What’s it like to interview one of the biggest rock stars on the planet about her new winery where she’s actually the winemaker?
Which food and wine pairing rules are complete bunk? And which actually have merit?
Who are the most interesting people and places in the world of wine?
That’s exactly what our guest on the Sunday Sipper Club will reveal to us this evening.
Our guest this evening has been The San Francisco Chronicle’s wine critic since 2015, covering California wine, beer and spirits. Previously she was an assistant editor at Wine Spectator magazine in New York. She has worked harvests in Napa Valley and Mendoza, Argentina, and she studied English literature at the prestigious Smith College in Massachusetts.
And she joins me live now from her home in San Francisco: Welcome to the Sunday Sipper Club Esther Mobley!
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Esther Mobley is a staff writer at the San Francisco Chronicle. She writes primarily about wine, and her beat also includes beer, spirits, drinking culture and, occasionally, doughnuts. In her regular Drink Up column, she reviews Bay Area bars.
Before joining The Chronicle, Mobley was an assistant editor at Wine Spectator magazine in New York. She has worked two harvests, in Napa, California and Mendoza, Argentina. She studied English literature at Smith College.
Connect with Esther:
You’ve had a passion for writing from an early age, and your college admissions essay was published in the New York Times … why was that? How did it feel?
Did you ever think about working in the wine industry versus writing about it?
Do you consider yourself a writer who enjoys wine, or a wine lover who writes. Did you think about other genres or specialties of writing?
You can read all 58 comments here on Facebook:
What drew you to wine in the first place? What was the exact moment? Where were you? How did it feel?
What draws you to storytelling, beyond digging deep and getting to know people below their surface statements?
How is this like the stories in The New Yorker?
How do you get beyond cliches and press release language from the people you interview?
Why is the car such a great place to interview?
You spent three years working at the Wine Spectator in New York City. What surprised you most about working for the magazine? Something specific rather than general, ie: they weren’t snobby even though they were at the top of the wine game … perhaps there is a specific anecdote to illustrate?
How has Californian wine changed since you started writing?
Where is it going? What are you worried about? What’s the silver lining or potential positive development? What has to happen for that to manifest?
Tell us about a Californian winemaker you met recently named Alecia Moore. How did you find out about her?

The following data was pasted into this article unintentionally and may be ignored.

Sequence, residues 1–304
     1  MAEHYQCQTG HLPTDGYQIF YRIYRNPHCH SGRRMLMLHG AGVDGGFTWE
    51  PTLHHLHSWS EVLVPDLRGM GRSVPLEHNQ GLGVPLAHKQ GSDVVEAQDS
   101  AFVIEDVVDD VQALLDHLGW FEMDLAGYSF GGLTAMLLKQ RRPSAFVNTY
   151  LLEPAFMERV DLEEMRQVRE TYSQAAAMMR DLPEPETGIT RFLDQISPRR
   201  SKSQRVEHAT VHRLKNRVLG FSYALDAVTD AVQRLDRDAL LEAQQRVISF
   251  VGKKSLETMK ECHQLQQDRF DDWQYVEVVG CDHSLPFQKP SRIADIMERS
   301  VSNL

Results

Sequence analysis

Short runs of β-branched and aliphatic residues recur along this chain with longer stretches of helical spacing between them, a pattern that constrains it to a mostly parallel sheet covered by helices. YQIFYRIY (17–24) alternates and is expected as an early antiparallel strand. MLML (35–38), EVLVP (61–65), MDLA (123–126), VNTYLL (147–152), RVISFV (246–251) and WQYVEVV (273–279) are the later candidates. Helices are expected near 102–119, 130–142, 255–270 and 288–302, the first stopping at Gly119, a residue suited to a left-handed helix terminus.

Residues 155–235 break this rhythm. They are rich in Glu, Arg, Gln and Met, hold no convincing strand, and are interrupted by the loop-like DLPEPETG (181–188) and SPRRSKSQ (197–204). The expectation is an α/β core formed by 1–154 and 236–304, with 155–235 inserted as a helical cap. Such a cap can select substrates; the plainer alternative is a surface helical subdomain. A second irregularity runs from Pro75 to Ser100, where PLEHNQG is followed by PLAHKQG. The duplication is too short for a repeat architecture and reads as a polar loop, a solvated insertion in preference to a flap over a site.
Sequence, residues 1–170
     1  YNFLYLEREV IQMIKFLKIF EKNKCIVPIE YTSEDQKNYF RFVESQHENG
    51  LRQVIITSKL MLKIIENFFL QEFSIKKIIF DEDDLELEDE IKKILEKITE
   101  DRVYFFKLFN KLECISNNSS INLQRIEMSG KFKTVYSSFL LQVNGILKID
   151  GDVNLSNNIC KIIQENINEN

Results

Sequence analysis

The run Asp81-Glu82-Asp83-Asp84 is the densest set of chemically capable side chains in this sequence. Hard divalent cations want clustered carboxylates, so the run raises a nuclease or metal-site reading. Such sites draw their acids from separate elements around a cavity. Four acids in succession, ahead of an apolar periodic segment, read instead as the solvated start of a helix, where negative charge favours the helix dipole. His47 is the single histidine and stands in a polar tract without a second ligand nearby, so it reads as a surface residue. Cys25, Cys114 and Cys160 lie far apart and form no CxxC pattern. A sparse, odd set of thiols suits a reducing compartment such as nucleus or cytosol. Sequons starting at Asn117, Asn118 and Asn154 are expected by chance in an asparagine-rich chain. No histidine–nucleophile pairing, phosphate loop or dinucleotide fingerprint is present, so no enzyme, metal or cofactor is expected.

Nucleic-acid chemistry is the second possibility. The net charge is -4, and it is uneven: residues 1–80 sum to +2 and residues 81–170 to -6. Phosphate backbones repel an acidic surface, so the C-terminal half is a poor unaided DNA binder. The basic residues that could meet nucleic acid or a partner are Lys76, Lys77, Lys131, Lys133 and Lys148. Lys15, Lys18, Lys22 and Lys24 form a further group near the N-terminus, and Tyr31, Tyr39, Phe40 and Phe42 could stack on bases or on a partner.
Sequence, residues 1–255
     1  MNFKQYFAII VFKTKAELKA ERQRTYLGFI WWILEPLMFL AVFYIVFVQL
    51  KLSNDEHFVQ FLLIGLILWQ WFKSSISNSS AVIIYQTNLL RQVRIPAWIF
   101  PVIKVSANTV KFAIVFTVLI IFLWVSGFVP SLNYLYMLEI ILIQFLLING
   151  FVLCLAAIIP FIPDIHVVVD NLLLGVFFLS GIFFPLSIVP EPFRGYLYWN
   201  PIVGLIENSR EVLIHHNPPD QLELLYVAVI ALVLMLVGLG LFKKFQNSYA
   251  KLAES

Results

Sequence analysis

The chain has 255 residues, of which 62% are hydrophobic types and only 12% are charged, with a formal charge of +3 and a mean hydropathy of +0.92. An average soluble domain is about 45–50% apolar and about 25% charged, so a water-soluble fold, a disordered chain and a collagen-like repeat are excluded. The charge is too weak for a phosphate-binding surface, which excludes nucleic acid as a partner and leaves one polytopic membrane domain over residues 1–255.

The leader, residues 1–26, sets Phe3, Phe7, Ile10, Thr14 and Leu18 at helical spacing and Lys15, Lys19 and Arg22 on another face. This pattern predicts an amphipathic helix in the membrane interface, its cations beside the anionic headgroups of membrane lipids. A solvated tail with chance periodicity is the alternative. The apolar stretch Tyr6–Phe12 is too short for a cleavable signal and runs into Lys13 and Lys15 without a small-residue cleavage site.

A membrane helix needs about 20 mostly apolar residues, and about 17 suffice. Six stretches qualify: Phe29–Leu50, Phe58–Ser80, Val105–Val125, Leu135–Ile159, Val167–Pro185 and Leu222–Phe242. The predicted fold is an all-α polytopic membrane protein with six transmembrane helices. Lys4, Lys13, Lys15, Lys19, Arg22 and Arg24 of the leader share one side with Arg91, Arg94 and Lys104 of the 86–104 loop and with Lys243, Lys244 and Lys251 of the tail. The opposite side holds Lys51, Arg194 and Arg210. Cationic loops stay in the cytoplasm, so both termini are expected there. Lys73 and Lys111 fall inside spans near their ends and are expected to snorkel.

Who is she? What training? Where is the vineyard?
Were you skeptical about another celeb wine?
Why didn’t she put her own name on the label, make a rose and call it a day?
Two Wolves parable – an old Cherokee chief was teaching his grandson about life…
“A fight is going on inside me,” he said to the boy. It is a terrible fight and it is between two wolves.”
“One is evil – he is anger, envy, sorrow, regret, greed, arrogance, self-pity, guilt, resentment, inferiority, lies, false pride, superiority, self-doubt, and ego.”
“The other is good – he is joy, peace, love, hope, serenity, humility, kindness, benevolence, empathy, generosity, truth, compassion, and faith.”
“This same fight is going on inside you – and inside every other person, too.”
The grandson thought about it for a minute and then asked his grandfather, “Which wolf will win?”
The old chief simply replied, “The one you feed.”
Do you think Alecia is torn between two identities?
What did you think of her wines?
What motivates Alecia to make such off-beat, non-commercial wines?
Her wines launched in November and sold out in 24 hours: do you think that was the celebrity bump?
Now let’s look at another California wine named after indigenous people, Meiomi, which means Wappo or coastal. Yet the irony is, when Joe Wagner sold Meoimi for $315 million to the giant conglomerate Constellation Brands, which also used to be Arterra Wines in Canada, he did so without any assets, no vineyard, just the brand alone, which produces almost a million cases a year. With all the talk about how wine is so tied to the vineyard, a product of place, what was your opinion of this rootless brand?
Super low production wine is hipster — why do you often mention brands that have larger productions? More readers can buy it.
Let’s chat about the wine pairing seminar that you and your colleague at the Chronicle gave at a wine writers seminar in 2018. What are the greatest myths when it comes to matching food and wine?
What’s the weird pairing you tasted and loved?
Are there any pairings to avoid?
What were the consequences or changes, if any, in the wine industry, or for the people involved based on one of your stories?